by Sarah Cole
Every year at Tri-S, Las Lomas families contribute thousands of dollars to help fund the upcoming school year. Some of the money is spent on extracurricular activities, but the question is, where does the money go? Although many fundraisers are held to support our school, but Tri-S is where Las Lomas receives much of its funding.
“The bulk of our fundraising happens at Tri-S from generous contributions made through our ‘Patron of the Las Lomas Performing Arts’ donation program,” said Carolyn Cool, PTSA website manager. “We also count on students/families purchasing Las Lomas Knights sweatshirts. Sales from these popular traditional hooded sweatshirts have been an important part of our fundraising for many years.”
The money that is PTSA raised during Tri-S supports various programs.
“The money we collect is for various expenses that support the band, drama and chorus programs,” said Cool. “For 2011-12, we funded instrumental music coaches that came into the band classrooms and provided enriched learning/instruction for the student musicians, vocal director and choreographer for The Music Man, music and drama student achievement awards, instrument repairs, program printing, and hospitality expenses for receptions.”
Cool confirmed the goal for the 2012-13 school year, which is raising over $200,000.
According to WCEF executive director Liz Davis, WCEF gave Las Lomas approximately $300,000 this year to support elective classes and technology.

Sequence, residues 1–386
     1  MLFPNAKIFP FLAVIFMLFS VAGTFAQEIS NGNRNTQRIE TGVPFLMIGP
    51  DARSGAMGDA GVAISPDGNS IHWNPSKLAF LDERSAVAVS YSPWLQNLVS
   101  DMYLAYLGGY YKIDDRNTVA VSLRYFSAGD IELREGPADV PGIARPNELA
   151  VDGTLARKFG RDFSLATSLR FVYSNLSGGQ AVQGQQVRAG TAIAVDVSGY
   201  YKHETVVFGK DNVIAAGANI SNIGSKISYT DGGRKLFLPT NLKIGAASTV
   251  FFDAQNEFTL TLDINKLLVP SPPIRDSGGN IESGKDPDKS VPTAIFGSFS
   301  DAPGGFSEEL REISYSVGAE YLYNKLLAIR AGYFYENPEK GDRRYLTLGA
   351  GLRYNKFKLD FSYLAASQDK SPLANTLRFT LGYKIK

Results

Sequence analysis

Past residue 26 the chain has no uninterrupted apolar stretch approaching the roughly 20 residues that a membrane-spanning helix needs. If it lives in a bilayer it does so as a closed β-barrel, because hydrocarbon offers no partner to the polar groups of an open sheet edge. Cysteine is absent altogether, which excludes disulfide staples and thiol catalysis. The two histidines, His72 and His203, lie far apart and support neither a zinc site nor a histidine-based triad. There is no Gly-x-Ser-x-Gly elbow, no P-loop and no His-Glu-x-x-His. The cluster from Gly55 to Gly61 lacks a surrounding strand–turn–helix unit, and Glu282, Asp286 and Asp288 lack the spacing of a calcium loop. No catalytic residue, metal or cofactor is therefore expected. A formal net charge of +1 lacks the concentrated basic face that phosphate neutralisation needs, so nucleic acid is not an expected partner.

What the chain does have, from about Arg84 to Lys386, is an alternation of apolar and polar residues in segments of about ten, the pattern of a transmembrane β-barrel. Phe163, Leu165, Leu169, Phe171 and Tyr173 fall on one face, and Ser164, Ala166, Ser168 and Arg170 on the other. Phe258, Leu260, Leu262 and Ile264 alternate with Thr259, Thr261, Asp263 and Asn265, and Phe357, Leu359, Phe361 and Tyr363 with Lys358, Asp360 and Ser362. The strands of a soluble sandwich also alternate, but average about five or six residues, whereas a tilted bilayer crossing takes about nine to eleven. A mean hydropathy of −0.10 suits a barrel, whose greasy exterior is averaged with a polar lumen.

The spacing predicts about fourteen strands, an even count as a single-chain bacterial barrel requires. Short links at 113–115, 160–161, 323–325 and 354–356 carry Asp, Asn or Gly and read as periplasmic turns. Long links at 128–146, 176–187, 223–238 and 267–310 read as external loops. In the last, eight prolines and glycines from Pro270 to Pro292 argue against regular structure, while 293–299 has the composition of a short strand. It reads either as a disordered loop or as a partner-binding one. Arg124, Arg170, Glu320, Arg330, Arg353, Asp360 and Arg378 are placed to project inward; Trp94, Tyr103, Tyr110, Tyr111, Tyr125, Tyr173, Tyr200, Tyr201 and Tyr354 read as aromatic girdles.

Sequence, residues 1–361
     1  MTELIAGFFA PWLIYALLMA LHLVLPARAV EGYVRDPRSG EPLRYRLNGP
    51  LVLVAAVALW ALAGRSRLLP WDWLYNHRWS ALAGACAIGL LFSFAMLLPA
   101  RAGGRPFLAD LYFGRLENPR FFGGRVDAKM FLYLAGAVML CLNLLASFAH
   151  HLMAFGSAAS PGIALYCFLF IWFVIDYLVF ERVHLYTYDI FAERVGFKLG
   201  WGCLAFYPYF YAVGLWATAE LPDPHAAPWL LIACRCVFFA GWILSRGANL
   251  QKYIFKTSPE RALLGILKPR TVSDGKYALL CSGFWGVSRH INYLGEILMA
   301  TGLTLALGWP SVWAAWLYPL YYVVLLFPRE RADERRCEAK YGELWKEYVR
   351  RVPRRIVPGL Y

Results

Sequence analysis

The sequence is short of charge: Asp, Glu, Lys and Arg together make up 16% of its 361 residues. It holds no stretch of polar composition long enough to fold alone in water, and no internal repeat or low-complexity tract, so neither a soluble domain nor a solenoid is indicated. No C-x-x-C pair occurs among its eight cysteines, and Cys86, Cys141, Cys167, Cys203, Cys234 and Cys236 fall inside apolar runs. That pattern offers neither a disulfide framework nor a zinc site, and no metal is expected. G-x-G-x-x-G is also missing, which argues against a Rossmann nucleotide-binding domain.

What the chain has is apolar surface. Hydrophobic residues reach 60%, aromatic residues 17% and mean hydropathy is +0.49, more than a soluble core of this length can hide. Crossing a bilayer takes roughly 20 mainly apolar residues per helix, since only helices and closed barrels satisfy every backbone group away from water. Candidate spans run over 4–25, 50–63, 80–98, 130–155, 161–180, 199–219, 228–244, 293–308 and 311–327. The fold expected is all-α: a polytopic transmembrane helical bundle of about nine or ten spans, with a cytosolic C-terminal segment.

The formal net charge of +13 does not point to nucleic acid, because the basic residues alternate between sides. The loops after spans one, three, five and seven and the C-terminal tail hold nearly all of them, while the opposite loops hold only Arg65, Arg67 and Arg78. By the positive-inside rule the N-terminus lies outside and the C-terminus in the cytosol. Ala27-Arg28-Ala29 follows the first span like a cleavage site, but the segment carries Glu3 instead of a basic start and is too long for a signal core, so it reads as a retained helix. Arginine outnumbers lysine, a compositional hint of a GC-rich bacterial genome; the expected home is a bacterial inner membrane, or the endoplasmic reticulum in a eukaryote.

“The ability to meet with and talk to so many of our families is integral to the success of the foundation,” said Davis, in an e-mail.
Although the money is necessary, the amount that is contributed per student can be very expensive.
“I spend anywhere from 300 to 500 dollars a year,” said a Las Lomas parent whose two children will attend Las Lomas next year. She said that, although she always gives money to the different groups, she doesn’t always know what it’s for.
“I don’t know specifically where the ASB goes and I don’t know why there has to be an ASB and a sport fee because they tell me the ASB supports sports,” she said. “Also, we pay for WCEF (the suggested donation) but its heavily weighted for the elementary and middle schools and the money doesn’t seem to go to Las Lomas.”
Even so, she thinks all parents should pitch in.
“It upsets me to think that not everybody who has a child at Las Lomas is participating in financially supporting the school,” she said. “I don’t understand why somebody wouldn’t support the school when the school is basically free.”
According to Davis, in the past, WCEF has funded reduced class size in core classes, academic counselors, crisis counselor, nurse, technology coordinator, computer lab technician, librarians, performing arts support and the Safe School Ambassador program, among other things.
“At LLHS we will raise over $200,000 to support academic elective classes,” said Davis. “We will also be giving almost $100,000 in technology support from a grant we received in 2011.”
Other funding opportunities for WCEF are during Open House.
“Some of the funds we collect are donated during our annual campaign launch in May each year during the week of Open House,” said Davis. “We would like to encourage all our parents to make their donation or pledge during this time. WCEF asks for a donation of $300 per child or $600 per family.”
Because of the economy’s shortfall, WCEF may not raise the usual amount this coming school year. Davis said that there are options for donating larger amounts.
“We ask our parents to consider becoming part of our Scholar Circle program,” said Davis. “The Scholar Circle levels range from $1200-$10,000 and can be pledged over 10 months. Making a donation in the spring helps the foundation plan their funding for the year.”